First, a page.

Doing Well by Doing Good: The $ value of green service management
Author: Israel Beniaminy
Everybody wants to contribute to protecting the environment, to be part of an organization that cares about sustainability, and to make to world a better place for ourselves and for the next generation. However, what if supporting these wonderful ideals would drive your company into the red or bankruptcy?
How can managers and corporate leaders resolve this conflict? The first step is to recognize that the conflict does not exist.
On May 9 2012, the Harvard Business School published a working paper titled “The Impact of a Corporate Culture of Sustainability on Corporate Behavior and Performance,” by Robert G. Eccles, Ioannis Ioannou and George Serafeim. Quoting from the paper:
“Using a matched sample of 180 companies, we find that corporations that voluntarily adopted environmental and social policies by 1993 – termed as High Sustainability companies – exhibit fundamentally different characteristics from a matched sample of firms that adopted almost none of these policies – termed as Low Sustainability companies.”
So far, not too surprising: a company that is really serious about sustainability would surely be different from a company that doesn’t, and the research quotes differences such as “they are more likely to have organized procedures for stakeholder engagement, to be more long-term oriented, and to exhibit more measurement and disclosure of non-financial information”. But here’s the punch line:
“… we provide evidence that High Sustainability companies significantly outperform their counterparts over the long-term, both in terms of stock market and accounting performance.”
What does “outperform” mean? The authors find that if you invested in 1993 in a portfolio of High Sustainability companies, by 2010 your investment would have grown 50% higher compared to a similar investment that wasn’t sustainability-oriented.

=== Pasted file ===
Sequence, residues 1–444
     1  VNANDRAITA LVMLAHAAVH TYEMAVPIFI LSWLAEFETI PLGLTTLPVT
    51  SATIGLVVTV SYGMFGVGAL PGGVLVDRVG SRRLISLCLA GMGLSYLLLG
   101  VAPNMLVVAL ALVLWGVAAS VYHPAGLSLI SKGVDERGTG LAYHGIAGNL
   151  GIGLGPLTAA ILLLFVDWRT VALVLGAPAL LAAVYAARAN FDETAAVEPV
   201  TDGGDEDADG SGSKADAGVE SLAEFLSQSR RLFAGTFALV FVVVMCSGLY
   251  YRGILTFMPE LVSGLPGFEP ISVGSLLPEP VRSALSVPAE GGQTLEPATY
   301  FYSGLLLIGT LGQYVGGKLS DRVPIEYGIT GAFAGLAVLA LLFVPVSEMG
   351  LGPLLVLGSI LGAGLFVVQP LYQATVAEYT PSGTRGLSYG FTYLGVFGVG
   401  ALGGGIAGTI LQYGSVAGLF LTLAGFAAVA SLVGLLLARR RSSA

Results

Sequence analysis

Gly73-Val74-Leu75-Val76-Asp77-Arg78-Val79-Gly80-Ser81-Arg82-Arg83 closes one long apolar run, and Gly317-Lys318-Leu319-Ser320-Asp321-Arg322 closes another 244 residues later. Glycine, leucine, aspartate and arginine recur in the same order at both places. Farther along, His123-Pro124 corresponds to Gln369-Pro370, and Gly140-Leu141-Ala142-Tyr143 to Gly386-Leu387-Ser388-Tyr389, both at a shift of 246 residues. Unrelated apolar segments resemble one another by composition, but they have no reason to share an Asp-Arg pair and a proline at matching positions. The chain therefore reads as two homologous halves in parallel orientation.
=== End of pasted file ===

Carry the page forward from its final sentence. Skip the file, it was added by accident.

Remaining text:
You might object that successful companies can afford to adopt sustainable policies. In other words, could it be that success leads to sustainability rather than sustainability leading to success? The authors deal with this and other objections by careful analysis, and their conclusion still stands: companies that make the commitment to sustainability tend to do better.
Another comment could be that this may be true for some industries more than others. That’s surely true. The study tells us what kinds of companies benefit most from sustainability and good corporate citizenship:
“The outperformance is stronger in sectors where the customers are individual consumers, companies compete on the basis of brands and reputation, and in sectors where companies’ products significantly depend upon extracting large amounts of natural resources.”
Readers of this blog: can you identify yourselves in this picture? You probably can. Most Field Service organizations serve individual consumers and compete on the basis of reputation; and many Asset Maintenance operations, especially in the Oil & Gas industry, are in the business of extracting natural resources.
Making a corporate commitment to sustainability is a large leap, involving just about everything the company does. Still, there’s a lot of opportunity to meeting this commitment within the scope of running a field service operation. This blog discussed such opportunities before, e.g. in “It’s Not Easy Bein’ Green,” “Managing field service sustainability” and “Service Sustainability: Let’s track and save.” After all, two of the best ways to reduce emissions are to drive less and to keep your assets fully maintained at all times – poorly maintained assets tend to pollute more.
Bottom line: a service operation committed to sustainability will not only do good. It will do well.